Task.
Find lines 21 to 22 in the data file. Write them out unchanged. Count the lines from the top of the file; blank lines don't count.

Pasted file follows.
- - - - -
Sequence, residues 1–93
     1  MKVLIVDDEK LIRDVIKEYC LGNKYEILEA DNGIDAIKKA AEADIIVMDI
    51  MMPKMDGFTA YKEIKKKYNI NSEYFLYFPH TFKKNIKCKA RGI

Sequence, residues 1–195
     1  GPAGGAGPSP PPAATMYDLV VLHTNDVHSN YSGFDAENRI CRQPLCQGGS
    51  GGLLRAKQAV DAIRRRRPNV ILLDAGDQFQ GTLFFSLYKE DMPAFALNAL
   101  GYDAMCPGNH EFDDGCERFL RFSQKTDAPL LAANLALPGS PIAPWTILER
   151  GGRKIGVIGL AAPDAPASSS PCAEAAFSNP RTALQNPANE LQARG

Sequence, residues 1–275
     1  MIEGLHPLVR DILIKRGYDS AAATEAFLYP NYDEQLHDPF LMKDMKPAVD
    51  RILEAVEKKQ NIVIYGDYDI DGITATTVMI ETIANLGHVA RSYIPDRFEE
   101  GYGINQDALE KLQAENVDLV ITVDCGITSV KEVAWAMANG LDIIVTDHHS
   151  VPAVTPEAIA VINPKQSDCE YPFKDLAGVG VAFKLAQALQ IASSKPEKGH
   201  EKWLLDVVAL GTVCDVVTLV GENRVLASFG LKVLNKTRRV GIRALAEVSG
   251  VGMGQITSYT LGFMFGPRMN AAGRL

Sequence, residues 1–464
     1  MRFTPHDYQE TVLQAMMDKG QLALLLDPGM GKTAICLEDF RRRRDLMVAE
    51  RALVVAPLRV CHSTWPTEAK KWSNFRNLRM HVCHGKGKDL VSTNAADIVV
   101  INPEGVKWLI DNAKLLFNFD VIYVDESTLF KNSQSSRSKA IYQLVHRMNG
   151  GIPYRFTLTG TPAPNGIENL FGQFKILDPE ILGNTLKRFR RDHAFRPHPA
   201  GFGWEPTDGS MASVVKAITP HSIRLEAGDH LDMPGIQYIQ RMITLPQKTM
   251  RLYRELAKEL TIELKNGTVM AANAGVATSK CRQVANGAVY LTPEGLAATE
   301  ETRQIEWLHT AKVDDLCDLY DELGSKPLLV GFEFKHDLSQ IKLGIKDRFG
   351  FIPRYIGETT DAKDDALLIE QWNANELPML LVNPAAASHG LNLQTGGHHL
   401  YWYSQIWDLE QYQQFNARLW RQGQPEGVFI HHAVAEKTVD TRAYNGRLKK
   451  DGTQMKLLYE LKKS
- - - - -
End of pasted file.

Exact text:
   201  GFGWEPTDGS MASVVKAITP HSIRLEAGDH LDMPGIQYIQ RMITLPQKTM
   251  RLYRELAKEL TIELKNGTVM AANAGVATSK CRQVANGAVY LTPEGLAATE